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St Benedict’s Catholic School, Shaw is named after St Benedict of Nursia, who was born in 480 AD.
St Benedict is famous for his ‘Rule of Benedict’ that became the blueprint on which thousands of Monasteries were formed. Benedictine spirituality has offered our school a way of living in the world today by focusing on how to work, learn, pray and live in community. This spirituality does not require a departure from everyday life but rather a way that embraces and becomes fully engaged within our daily existence.
As a school community, a set of four values embedded in Benedictine spirituality have been designed to guide all our relationships, policies, learning and activities that take place at St Benedict’s. These values are:
In the spirit of St Benedict and Benedictine spirituality, each member of our community takes responsibility for seeing ‘God in all of life’ in our school. St Benedict’s will continue to make these values the principles of our foundation. This will ensure that St Benedict’s is a vibrant and welcoming place of learning.
'God in all of life'
What is Charism?
A charism is a divine spiritual gift given to an individual or group for the good of the community. Each religious order has a specific charism, a gift to be put to the service of the Church and the world.
Pope Paul VI was the first to label "charism" specifically in relation to religious institutes. He explained that the charism of the religious life is the fruit of the Holy Spirit, who is always at work within the Church.
A charism touches the very core of our existence and colours everything that we do as human beings. It allows us to see things in new ways, and to understand them even more wonderfully. We absorb a charism as we absorb sunshine, and we radiate a charism as a light pierces the darkness.
Patron Saint of Students
St Benedict is the Patron Saint of Students.
We have also used the teachings of St Benedict to underpin a ‘way of being’ which enables us to be the best members of our community that we can.
This way of being is a ‘Way of Peace’ – Peace being an acronym for Persistent, Empathetic, Accountable, Care for Community, Engaged. The word Peace was used as this stems from the Benedictine motto, “PAX”, which translated from latin simply means, PEACE.
St Benedict's Feast Day
The Feast Day of St Benedict’s is July 11. As this often falls during the holidays, we celebrate this Feast Day on a date at the beginning of Term 3.
Each year we will have a whole school Mass. This will be followed by activities about St Benedict and his teachings. The aim of these activities is for students to gain a greater insight into who St Benedict was and how they can live his messages in their life through contemplative practices, supporting those in need and adding to community projects.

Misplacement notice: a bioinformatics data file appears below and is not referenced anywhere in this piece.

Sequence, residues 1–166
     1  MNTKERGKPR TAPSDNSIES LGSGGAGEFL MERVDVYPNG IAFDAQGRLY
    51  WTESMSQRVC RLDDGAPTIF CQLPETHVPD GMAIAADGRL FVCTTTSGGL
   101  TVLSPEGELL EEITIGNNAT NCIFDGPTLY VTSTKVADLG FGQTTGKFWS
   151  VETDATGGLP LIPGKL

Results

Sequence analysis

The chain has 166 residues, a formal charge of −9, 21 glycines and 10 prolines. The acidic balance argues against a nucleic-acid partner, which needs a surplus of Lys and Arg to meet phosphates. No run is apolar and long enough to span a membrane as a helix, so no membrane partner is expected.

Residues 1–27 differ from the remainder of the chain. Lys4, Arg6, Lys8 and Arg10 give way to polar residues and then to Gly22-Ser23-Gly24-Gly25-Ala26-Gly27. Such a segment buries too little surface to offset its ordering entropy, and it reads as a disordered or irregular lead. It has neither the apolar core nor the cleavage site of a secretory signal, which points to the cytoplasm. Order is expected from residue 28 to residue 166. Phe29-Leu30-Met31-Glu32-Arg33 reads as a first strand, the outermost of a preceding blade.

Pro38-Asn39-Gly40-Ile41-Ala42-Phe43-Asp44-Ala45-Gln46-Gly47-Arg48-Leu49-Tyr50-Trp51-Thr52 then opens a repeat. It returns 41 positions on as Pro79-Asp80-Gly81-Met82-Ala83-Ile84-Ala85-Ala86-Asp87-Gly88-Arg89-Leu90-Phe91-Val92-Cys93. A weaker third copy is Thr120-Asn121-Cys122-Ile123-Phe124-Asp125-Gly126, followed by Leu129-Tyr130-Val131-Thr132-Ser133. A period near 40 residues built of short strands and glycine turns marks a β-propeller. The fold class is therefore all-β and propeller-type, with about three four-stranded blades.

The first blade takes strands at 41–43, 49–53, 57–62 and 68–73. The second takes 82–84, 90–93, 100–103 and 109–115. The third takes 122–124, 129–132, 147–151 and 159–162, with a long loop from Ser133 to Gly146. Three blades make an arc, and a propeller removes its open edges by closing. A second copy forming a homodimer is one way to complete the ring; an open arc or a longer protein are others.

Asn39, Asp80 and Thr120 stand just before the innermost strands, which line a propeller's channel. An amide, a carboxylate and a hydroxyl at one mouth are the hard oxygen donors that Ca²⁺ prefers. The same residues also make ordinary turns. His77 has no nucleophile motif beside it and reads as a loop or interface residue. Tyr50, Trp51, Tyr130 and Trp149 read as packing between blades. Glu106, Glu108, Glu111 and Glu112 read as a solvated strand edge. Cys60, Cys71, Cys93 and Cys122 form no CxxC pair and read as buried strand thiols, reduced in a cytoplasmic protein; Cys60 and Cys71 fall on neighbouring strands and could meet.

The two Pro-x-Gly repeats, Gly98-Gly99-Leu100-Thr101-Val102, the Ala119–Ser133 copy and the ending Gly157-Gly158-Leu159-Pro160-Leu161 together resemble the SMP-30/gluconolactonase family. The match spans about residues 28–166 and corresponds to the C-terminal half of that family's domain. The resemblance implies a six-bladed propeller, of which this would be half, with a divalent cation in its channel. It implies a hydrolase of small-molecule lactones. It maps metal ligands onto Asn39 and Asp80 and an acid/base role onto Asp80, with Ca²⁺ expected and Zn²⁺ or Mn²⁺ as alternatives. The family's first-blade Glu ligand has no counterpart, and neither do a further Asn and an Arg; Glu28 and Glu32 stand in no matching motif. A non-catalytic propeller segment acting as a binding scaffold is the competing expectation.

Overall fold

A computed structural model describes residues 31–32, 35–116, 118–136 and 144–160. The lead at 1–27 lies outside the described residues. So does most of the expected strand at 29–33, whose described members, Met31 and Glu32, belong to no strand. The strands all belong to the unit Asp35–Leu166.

Our Feast Day celebrations will conclude by showcasing and celebrating the variety of students' skills in ‘St Benny’s Got Talent’.
The logo of St Benedict’s Catholic School contains images, incorporating elements from both inside and outside of the Catholic tradition.
The book and the cross images highlight the most popularly reproduced symbols on the St Benedict’s medal. Images produced over the ages depict St Benedict holding a scroll or book in one hand and a staff which ended in a cross, representative of Christ, in the other.
The book symbolised Benedict's main achievement, his "Rule of Saint Benedict"(1), prepared for his monks. It has a unique spirit of balance, moderation and reasonableness which persuaded most religious communities founded throughout the Middle Ages to adopt it. As a result, his Rule became one of the most influential religious rules in western Christendom. (2)
The open book is also a powerful symbol depicting the Christian bible, and our learning environment.
The cross, is an important symbol for Christianity and is positioned in the centre of the logo to represent the centrality of Christ in who we are and in all that we do and is a key link to our motto – "God in all of Life”.
The sun is first mentioned in the bible along with the moon as the two great luminaries of heaven (Genesis 1:14-18). By their motions and influence they were intended to mark and divide times and seasons(3). External to our faith, the sun is a symbol of our north Queensland lifestyle, and introduces the concept of life, which is a powerful image for creative interpretation.
The image within the book has been created by Wulgurukaba-Bindal artist, Gavin Kum-Sing and represents a meeting place. The waves represent water and life, the circles are the campfires of the meeting place and the crescents surrounding the circles are groups of people to symbolise community.
The integrated images set the standard for how our students will learn; engaged in a variety of learning opportunities that bring true meaning to their understanding and to their overall school experience. The images provide a key connection between our faith, the creation story, our many communities of the school, Indigenous tradition and our beautiful location.